France drew them both to it.

‘We initially came to France on a sabbatical year. Imogen was Head Gardener at Pensthorpe in North Norfolk, quite a dry, bright climate, and wanted to learn more about Mediterranean plants. I had recently retrained in horticulture and wanted to expand my plant and gardening knowledge. Our first garden was just minutes from the Roscoff ferry, the Jardin exotique de Roscoff, but most of the year was spent going West to East along the South of France and just into Italy to work at the Hanbury Botanical Gardens.’

Travelling through France West to East led to them discovering Caunes-Minervois, and the garden and nursery, ‘La Petite Pepiniere’ which was established and run by Gill Pound.  Imogen and Kate had the chance to take over the specialist nursery business from Gill, who still lives next door, and they both decided not to return to the UK, but to commit to a life in Caunes-Minervois.  Planting up for the first time onsite in the Spring of 2016 was the beginning of ‘Le Jardin Champêtre’.

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Even in February, plants are shooting up, Le Jardin Champêtre, February 2017

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And greening up only 5 weeks later, Le Jardin Champêtre, Caunes-Minervois, late March 2017 Photo credit and thanks: Le Jardin Champêtre

As Kate says,

‘The style of our garden is sort of Dutch new wave mixed with Mediterranean garrigue. The movement of grasses is key to the feel of the garden, which consists of layers of planting: low ground-covers, bulbs, medium height shrubs, tall perennials and trees. The taller grasses and other plants provide shade during the heat of summer, and we’ve dug out basins to capture rain water and watering, which allows us to grow a wider variety of plants. ‘

The demonstration garden and potager will continue to evolve, and they have already scheduled a range of events throughout the year, to introduce people to their style of gardening and their approach to gardening naturally without chemicals.   More about their approach and their passion for gardens as spaces for beauty, relaxation and the environment in a second part to this post.

Here they are: get down there and meet them….

19 bis avenue de la Montagne noire, 11160, Caunes-Minervois, France.Tel. 0780433262 (France) or email: lejardinchampetre@gmail.com

By appointment *all year* & every Saturday 10-5 from March to October.

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Imogen in action and Kate lifting Melianthus, Le Jardin Champêtre, Caunes-Minervois, February 2017

 

 

Gardening delights in the Languedoc

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Chateau de Beaufort from the vineyards, Herault, June 2016

A great weekend with old friends in the Languedoc coincided with the annual French gardens open weekend, and so I had the chance to visit La Petite Pepiniere in Caunes Minervois, which has been run by the inspiring Gill Pound for the past 18 years.  Gill Pound is now retiring from running the nursery, whilst still maintaining her garden design work and running occasional gardening courses, but the nursery will be continued and expanded by Imogen Checketts and Kate Dumbleton from a new site right  next to the original La Petite Pepiniere.

There were some lovely things to see, and to buy.  I really loved the shingle beachside feel of this gravel planting of grasses.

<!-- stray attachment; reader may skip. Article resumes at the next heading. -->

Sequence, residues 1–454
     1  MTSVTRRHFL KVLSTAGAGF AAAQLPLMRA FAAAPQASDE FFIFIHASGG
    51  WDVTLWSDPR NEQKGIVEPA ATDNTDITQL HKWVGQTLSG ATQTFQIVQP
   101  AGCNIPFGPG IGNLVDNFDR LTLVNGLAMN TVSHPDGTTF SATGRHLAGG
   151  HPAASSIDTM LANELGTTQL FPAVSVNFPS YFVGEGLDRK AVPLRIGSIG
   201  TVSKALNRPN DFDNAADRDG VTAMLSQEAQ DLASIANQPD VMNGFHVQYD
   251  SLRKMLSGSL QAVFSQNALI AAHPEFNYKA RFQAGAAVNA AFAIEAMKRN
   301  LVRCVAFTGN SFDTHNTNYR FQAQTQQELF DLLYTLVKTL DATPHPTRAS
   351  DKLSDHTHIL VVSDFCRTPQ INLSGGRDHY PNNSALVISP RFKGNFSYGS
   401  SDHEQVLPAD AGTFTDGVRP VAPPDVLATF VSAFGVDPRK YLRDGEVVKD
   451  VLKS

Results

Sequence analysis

New to me was this fabulous tree, Melia azderach.  Wide, sweeping, tiered foliage with swags of violet blossoms, and the stunning matte brown bare trunk makes this tree a superb specimen for a hot, dry position, which really catches the eye.  Throwing good shade I think during summer, it would make an ideal small garden or courtyard tree.  It’s an Australian native tree, tough, drought tolerant and even handling some frost apparently.  According to Top Tropicals, it is a fast grower, reaching 15-16m in a few years with a wide canopy as you can see.   The blossom is quite gorgeous, and apparently has a strong fragrance, but, as ever, the Piasecka nose was not in operation.

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Melia azderach, La Petite Pepiniere, Caunes Minervois, June 2016

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Melia azderach blossom, La Petite Pepiniere, Caunes Minervois, June 2016

The garden had some beautiful flower moments too.  I really loved this jumble of flowering plants together, all mature specimens, and so making a shower of bloom and colour.

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Cistus purpurea, Origanum ‘Kent Beauty’ and Phlomis fruticosa, La Petite Pepiniere, Caunes Minervois, June 2016

I think I have identified these correctly, but what works so well is the grey, pink colouring of the Origanum which just bridges the deeper pink of the Cistus and the banana yellow of the Phlomis.

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Halimium halimifolium, La Petite Pepiniere, Caunes Minervois, June 2016

This lemon  Halimium is so bright, it almost blinds in sunlight.  It is a stunning performer, and I would adopt Christopher Llloyd’s refusal to worry about colours together in this case.  Upright, yet also tumbling in habit, drought tolerant, it bounces back from wind, rain , hail, and pretty much everything, whilst also repeat flowering, and being frost hardy.  Not bad.

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Unknown Callistemon flower, La Petite Pepiniere, Caunes Minervois, June 2016

As we left, this unknown Callistemon was doing a great firework impression.  Of course, there were purchases made.  When you get the chance to visit a really thoughtful collection of plants, it’s impossible to leave empty-handed.  And one of my purchases flowered today, it’s first flower, I think.  Who wouldn’t want this orange-shred delight?

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Abutilon pictum, Tostat, June 2016